The God Who Sustains

I lie down and sleep; I wake again, because the LORD sustains me.- Psalm 3:5- New International Version

Are you an observant person? If you answered yes, then you are also probably a very wise person. The wisest people I have met are those who notice the world around them and find that God is in it all. From the smallest detail to the largest and most obvious. We just have to stop and see.

As I mentioned, sometimes it is in the smallest details, that God displays the greatest lessons for us. At least I have found that to be true for me. God is always teaching me more of His ways through what I see around me. He calls attention to the small things.

This happened to me recently, and although it was no small detail that He showed me, it was from the smallest and newest member of our family. It has been from my new little granddaughter. She is barely two days old, and I can already find a lesson from God for me from observing her.

And no it is not in the admiration for God’s beautiful and skillful workmanship, or from the amazement at her perfect little fingers and toes. No. It is from her temperament. Well, all newborns’ to be more clear. They cry, fuss and demand. They are not happy and want to shout it to the world around them. Sometimes they do not know what they want. Sometimes they want to just be held and comforted. Other times they are hungry. Other times they want to have their mess they made cleaned up. We wrap them up tightly, swaddling them, and they want to break free and not be wrapped up. They basically want their own way, when they want it.

After watching all this unfold these past few days and how my daughter and her husband are adjusting to this new boss in their lives, I have realized that is how we all act.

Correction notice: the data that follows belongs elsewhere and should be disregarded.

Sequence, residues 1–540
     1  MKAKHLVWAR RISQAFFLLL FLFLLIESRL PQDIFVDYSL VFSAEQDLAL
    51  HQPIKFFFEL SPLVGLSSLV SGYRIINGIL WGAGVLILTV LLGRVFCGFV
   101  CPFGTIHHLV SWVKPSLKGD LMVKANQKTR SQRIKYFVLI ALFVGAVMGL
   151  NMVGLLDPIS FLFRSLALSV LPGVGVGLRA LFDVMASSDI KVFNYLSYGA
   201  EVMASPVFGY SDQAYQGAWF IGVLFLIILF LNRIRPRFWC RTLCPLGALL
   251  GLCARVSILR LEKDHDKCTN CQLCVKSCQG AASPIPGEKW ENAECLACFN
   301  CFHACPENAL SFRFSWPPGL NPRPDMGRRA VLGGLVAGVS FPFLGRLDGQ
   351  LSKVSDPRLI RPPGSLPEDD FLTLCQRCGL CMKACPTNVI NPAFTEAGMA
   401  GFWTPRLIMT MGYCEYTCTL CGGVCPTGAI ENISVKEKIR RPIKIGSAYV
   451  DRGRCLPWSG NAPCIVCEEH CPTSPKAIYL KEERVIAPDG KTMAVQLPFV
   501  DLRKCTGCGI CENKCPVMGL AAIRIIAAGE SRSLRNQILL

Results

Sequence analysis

We are not sure what we want, but we do know we want someone to figure it out for us. We want God to fix whatever is broken and clean up messes we have gotten ourselves into. We are hungry for more, but we don’t always take what God provides; we fuss trying to get something other than God. We want God to comfort us, but we still want to be free to do our own thing. We want to be independent, yet dependent on Him. We complain to Him when He doesn’t give us what we want or when He takes too long.

We are all fussy children who continue to question God at times, but He is always sustaining us, just as the Psalmist wrote. We sleep and we wake for God sustains us. We don’t understand it all, but we can be secure, just as my granddaughter is, that she is loved and cared for. She will not be forgotten or overlooked. She fusses and cries. She demands, but she also is beginning to understand that she will be sustained. May we learn that for ourselves.- God Bless You -Nancy

Trust First

So, I’d like to think that I am a trusting kind of person. I admit there have been times that I can be overly cautious around some groups of people or individuals. But I also have made the mistake of trusting in others too much and have been hurt.

But I wonder if that has affected my ability to trust God. I know you might be thinking “Wait, like trusting God should come easy for a believer” And I agree with you; it should. But can you actually admit that sometimes you might struggle with trust?

What I mean is that we all have at one time or another told God that we had the best way to go. We asked bold prayers for God to answer, in our way of course. Not necessarily in God’s way, or in His timing. And we were probably let down. We struggled to understand why our heartfelt, fervent prayer wasn’t answered. At least not in the way we had expected.